He continued sharing more, highlighting that he was mocking the media, high cost of living, Israeli drivers and the bureaucracy — and not the average Palestinian, he said.
Sometimes, on particularly hard news days, Lovitt said he stepped back from the computer and realized the timing would not be right. His friends reminded him that he wasn’t someone in a safe zone far away from the country making fun of the situation, but was literally running to bomb shelters.
Plus, Lovitt received uplifting responses from his readers.
“I even have my mom in the States following you now to help her realize that though this situation sucks, we must continue on with our lives the best we can,” read one response.
In another Lovitt shared, someone thanked him for the humor and for bringing lightness to heavy times.
“I know comics are supposed to go for the laughs, but when I got feedback like that, it affected me a lot more deeply,” he said. “I thought, ‘This is bigger than just a comedy show.’ ”
On one particularly violent day, 13 soldiers were killed in a military operation. Lovitt was the first act at a comedy fundraiser that night. He wasn’t immediately sure what to do, but he knew he couldn’t cancel the show, not that he had the decision to do so, he said.
“What I’ve learned from Israelis is, almost always, the show must go on,” he said. “If we cancel the show anytime anything awful happens, nobody would ever perform.”
Shootings, murders, crime and people not being able to afford insurance are daily events in America, he said, but its not a reason to cancel shows, concerts or sporting events.
On a vacation in Ethiopia, Lovitt questioned many life decisions when he saw some of the levels of poverty there. One of his friends told him he couldn’t lose his mind trying to save everyone who needs saving.
“You just have to appreciate and thank God for what you have, and try to be the best human being you can be,” Lovitt’s friend said.
At the comedy fundraiser, Lovitt addressed the situation head on. Then, everyone moved on.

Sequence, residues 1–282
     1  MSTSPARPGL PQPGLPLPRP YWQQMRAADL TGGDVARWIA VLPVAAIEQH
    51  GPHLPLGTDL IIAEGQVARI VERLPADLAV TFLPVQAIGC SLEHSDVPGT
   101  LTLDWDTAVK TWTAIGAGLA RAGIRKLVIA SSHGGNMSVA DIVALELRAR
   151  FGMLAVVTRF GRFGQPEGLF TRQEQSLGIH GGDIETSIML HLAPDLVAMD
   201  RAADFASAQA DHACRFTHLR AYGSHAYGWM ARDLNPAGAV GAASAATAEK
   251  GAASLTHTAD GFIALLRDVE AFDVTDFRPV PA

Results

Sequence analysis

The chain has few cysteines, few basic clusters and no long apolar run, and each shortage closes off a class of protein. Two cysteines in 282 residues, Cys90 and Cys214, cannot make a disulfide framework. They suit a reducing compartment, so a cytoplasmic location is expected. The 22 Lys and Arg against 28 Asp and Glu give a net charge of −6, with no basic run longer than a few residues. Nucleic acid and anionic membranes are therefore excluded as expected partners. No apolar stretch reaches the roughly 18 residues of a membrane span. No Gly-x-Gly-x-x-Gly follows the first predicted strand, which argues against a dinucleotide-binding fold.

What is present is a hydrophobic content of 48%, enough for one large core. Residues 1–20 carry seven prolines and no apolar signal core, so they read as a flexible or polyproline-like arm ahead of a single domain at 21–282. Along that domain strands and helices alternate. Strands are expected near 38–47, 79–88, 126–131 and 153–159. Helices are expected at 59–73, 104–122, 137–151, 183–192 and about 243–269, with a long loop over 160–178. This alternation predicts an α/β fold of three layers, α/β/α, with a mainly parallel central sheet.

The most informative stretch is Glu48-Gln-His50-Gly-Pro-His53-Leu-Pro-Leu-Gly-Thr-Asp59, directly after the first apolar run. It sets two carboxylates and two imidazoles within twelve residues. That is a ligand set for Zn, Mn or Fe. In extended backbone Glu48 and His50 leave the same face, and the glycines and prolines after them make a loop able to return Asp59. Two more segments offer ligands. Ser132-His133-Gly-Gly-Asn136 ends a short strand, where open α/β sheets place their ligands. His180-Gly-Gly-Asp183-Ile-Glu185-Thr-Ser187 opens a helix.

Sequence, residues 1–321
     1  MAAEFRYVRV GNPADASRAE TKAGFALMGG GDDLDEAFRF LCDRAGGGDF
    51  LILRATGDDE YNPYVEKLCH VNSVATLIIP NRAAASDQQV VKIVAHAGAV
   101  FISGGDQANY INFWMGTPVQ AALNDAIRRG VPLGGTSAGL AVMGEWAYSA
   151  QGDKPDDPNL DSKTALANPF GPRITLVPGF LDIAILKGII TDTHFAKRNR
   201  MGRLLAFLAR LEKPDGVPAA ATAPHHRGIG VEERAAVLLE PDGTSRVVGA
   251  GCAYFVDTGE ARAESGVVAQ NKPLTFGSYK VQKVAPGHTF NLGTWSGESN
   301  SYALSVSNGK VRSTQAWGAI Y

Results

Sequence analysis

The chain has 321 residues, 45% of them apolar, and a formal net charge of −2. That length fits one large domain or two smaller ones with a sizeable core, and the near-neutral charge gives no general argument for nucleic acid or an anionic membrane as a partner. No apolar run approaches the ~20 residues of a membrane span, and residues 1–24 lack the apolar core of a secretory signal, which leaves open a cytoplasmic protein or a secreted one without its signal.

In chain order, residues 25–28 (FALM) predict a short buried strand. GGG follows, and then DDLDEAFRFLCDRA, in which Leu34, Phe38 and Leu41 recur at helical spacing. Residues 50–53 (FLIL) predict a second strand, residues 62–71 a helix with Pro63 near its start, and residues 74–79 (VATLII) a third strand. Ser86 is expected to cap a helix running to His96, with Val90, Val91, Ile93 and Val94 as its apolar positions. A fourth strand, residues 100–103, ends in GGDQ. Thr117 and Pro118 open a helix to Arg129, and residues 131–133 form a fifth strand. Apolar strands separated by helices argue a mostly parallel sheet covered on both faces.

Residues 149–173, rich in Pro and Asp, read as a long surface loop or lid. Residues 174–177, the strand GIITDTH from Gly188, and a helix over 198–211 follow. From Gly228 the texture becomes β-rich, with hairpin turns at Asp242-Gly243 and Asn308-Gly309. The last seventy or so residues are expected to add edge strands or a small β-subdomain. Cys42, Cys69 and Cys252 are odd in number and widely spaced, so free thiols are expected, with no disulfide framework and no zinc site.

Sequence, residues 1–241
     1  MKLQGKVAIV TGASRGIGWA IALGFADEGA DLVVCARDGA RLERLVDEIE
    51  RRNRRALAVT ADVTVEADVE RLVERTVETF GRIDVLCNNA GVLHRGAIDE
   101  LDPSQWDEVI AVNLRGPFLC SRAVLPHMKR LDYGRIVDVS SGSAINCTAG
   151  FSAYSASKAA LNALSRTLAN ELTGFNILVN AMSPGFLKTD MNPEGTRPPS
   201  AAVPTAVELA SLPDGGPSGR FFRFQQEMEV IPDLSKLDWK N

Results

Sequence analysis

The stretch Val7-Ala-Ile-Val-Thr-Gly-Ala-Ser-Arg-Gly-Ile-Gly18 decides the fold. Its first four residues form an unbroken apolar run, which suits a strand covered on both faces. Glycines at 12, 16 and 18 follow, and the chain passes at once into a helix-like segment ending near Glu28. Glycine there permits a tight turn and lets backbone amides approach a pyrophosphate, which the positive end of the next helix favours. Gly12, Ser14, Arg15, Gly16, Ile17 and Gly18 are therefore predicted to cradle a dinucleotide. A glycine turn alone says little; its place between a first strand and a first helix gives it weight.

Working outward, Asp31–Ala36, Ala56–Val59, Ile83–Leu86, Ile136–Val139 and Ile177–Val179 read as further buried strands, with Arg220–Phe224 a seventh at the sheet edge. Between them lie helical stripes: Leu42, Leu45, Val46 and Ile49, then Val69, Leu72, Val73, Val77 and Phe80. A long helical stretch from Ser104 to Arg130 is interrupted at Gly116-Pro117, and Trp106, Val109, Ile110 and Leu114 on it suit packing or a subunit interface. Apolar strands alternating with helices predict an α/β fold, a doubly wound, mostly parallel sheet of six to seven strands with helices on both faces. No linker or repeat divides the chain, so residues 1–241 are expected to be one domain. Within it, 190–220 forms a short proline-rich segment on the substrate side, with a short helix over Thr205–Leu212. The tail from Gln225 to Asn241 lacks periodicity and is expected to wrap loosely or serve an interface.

“It meant for 90 minutes, they put bad feelings to the side, engaged in self care and returned to their lives,” he said.
In this last year, Lovitt said America has learned to appreciate the ability to laugh to keep from crying.
Nothing is funny about the millions of people who have died of COVID-19, he said, but happiness and laughter don’t need to disappear. From the pandemic’s onset, he said the internet was full of images, videos, jokes and content meant to make people smile and laugh. That humor — and vaccines — got us this far, he said.
Twice during this last year, two organizers who hired Lovitt told him to avoid pandemic-related jokes because people didn’t want to hear it.
“Those people did not understand comedy,” he said.
On Monday night, Lewis Black talked about COVID-19 during his stand-up routine in the Amp. Lovitt said it would have been weird and disappointing if he didn’t.
“It’s not about making light of something or being insensitive,” Lovitt said. “It’s about giving people hope.”
Of course, Lovitt said, when dealing with sensitive subjects people may want to leave the jokes to professionals, or make 100% certain it’s a good and safe joke. Otherwise, it’s almost always OK to laugh.
“My friends, life is hard. It doesn’t mean we shouldn’t accept it. We should never stop fighting injustice, defeating pandemics and trying to make the world a better place,” he said. “But, if we forget to laugh along the way, we may not make it to the other side.”